One day in our last week in Israel we visited, among other places, two ancient synagogues. It was a very interesting opportunity to consider art and iconography in Judaism, and made me reflect as well on the Mosaic Synagogue which we visited in Akko just a few days earlier.

The first synagogue we visited was Hammat-Tiberias, just on the edge of the Sea of Galilee. The Hammat-Tiberias synagogue, from the 4th Century, is the earliest synagogue with a mosaic floor found in Israel. This is not a unique design – more than ten others have been discovered which at least incorporate the zodiac in words if not in images, as Rachel Hachlili outlines in her article “The Zodiac in Ancient Jewish Synagogal Art: A Review”. However, it is a strange phenomena when one considers the historical interpretation of the second commandment (which prohibits the making of “graven images” in addition to the fact that zodiacs are definitely a pagan motif.

Hachlili suggests that the Hammat-Tiberias mosaic, as the earliest mosaic synagogue floor, has its origins in Roman art. There are no other mosaic floors made before this with similar composition, except for one in a 5th Century C.E. mosaic pavement at the Tallaras Baths on the island of Astypalaea in Greece. The numerous zodiac mosaic synagogues in Israel were all made after the Hammat-Tiberias mosaic – evidently it was highly influential! The figures are clearly Roman in style, as they are portrayed in the nude and, as Steven Fine points out , some of the zodiacal figures are clearly uncircumcised (“Iconoclasm” in the BAR). But they were not simply copying images; mosaic work was a significant undertaking, and a financial investment. The images being portrayed must have been considered and chosen by the members of the congregation who commissioned the work.

Mosaics, as a costly project, were a sign of wealth and status in the Roman and Byzantine world and these zodiac mosaic floors were produced in that Roman-Byzantine environment, but is that all there is to it? Danny, our guide, suggested to us that the synagogue was built by the Jews who tended the natural hot springs right next to the synagogue, which made that area a popular place to visit for the Romans. He suggested that the Jews gained a significant amount of wealth through their operation of the hot springs, which then financed the building of the synagogue. But I think the question remains whether the environment of Roman culture and the wealth that the community may have accumulated can fully explain how a zodiac mosaic floor made it into a synagogue.

Later the same day, we went to the Beit Alpha synagogue. When I made the connection between the name Beit Alpha and the images that are in mosaic floor there, I was thrilled. Beit Alpha, in addition to having the zodiac wheel, also includes a panel depicting the binding of Isaac and another panel with the Ark of the Covenant with other symbols and objects associated with Temple practises. This was actually something I had studied before – not in the context of a religious studies class, but in a survey art history course!

The image of the binding of Isaac, as portrayed in this mosaic has influenced a great deal of modern art, and we had even seen it replicated on the walls of the Mosaic Synagogue in Akko. The mosaic shows Isaac, Abraham, two servants, the ram, as well as a sacrificial altar and the hand of God, with each figure labelled in Hebrew. The style is quite crude and basic, especially in comparison to the figures in the Hammat Tiberias mosaic. However, they are extremely interesting to consider. How did the congregation that financed the mosaic justify having an image that represented God? Would the hand of God that is shown here have been considered a “graven image” or a “false idol”?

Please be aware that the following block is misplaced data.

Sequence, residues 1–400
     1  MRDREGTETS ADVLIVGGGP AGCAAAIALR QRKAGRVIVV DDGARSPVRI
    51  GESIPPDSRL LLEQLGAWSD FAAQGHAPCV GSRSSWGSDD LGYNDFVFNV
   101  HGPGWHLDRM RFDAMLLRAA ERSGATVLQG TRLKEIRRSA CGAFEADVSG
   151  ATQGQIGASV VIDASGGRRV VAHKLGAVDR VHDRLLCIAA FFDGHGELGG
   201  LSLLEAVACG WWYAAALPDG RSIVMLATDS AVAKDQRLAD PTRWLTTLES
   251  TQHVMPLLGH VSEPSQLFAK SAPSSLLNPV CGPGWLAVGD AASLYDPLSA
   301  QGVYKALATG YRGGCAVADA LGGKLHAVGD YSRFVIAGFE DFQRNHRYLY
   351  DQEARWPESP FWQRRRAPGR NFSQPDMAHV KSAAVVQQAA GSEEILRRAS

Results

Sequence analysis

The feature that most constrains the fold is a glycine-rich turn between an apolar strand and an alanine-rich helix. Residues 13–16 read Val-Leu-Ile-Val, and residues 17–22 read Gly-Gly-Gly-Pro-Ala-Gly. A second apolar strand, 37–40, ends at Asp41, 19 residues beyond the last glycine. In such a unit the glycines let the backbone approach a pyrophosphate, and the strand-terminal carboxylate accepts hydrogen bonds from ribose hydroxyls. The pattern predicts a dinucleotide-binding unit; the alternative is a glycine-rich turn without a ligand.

One of the fascinating dilemmas around the synagogue mosaics is that they are clearly, obviously placing images into a place of worship. Scholars debate whether the images themselves would have been worshipped and whether, in fact that really made a difference at all to their acceptability. Does any image in a synagogue become unacceptable in light of the second commandment, or is the second commandment understood to only prohibit the worship of images?

Two days before we visited the two ancient synagogues at Hammat-Tiberias and Beit Alpha, we were in Akko. In Akko we visited a unique synagogue which was built in the 20th Century C.E. after the establishment of the State of Israel. The synagogue is almost completely covered in mosaics. It was beautiful and a little overwhelming, but by the time we left the synagogue the mosaics – including ones which portrayed figures – seemed quite normal. What a contrast to the experience we had with the ancient synagogue mosaics, where the sight of human figures in mosaics were quite shocking! It seems that the debate around images in the synagogue was not a problem for this community.

The Mosaic Synagogue receives huge numbers of visitors from all over the world every year. It is a sight that many visitors want to see when they are in Akko. Throughout our trip we saw that the boundaries between tourist and pilgrim activity are often essentially erased in numerous sites with a religious or spiritual significance.

The Mosaic Synagogue is home to a living religious community, and is still a site of religious practise. As such, we practised the same modest dress codes and men wore kippot, just as we had at any other Jewish religious site or place of worship we had visited. That was not something required of us at the ancient synagogues. Furthermore, the Mosaic Synagogue is attractive and interesting because of the images it holds, in mosaic-work. To me, it seems that there is an interesting intersection between the religious and the secular at this synagogue, making it a fruitful place to examine in the context of debates around images in synagogues.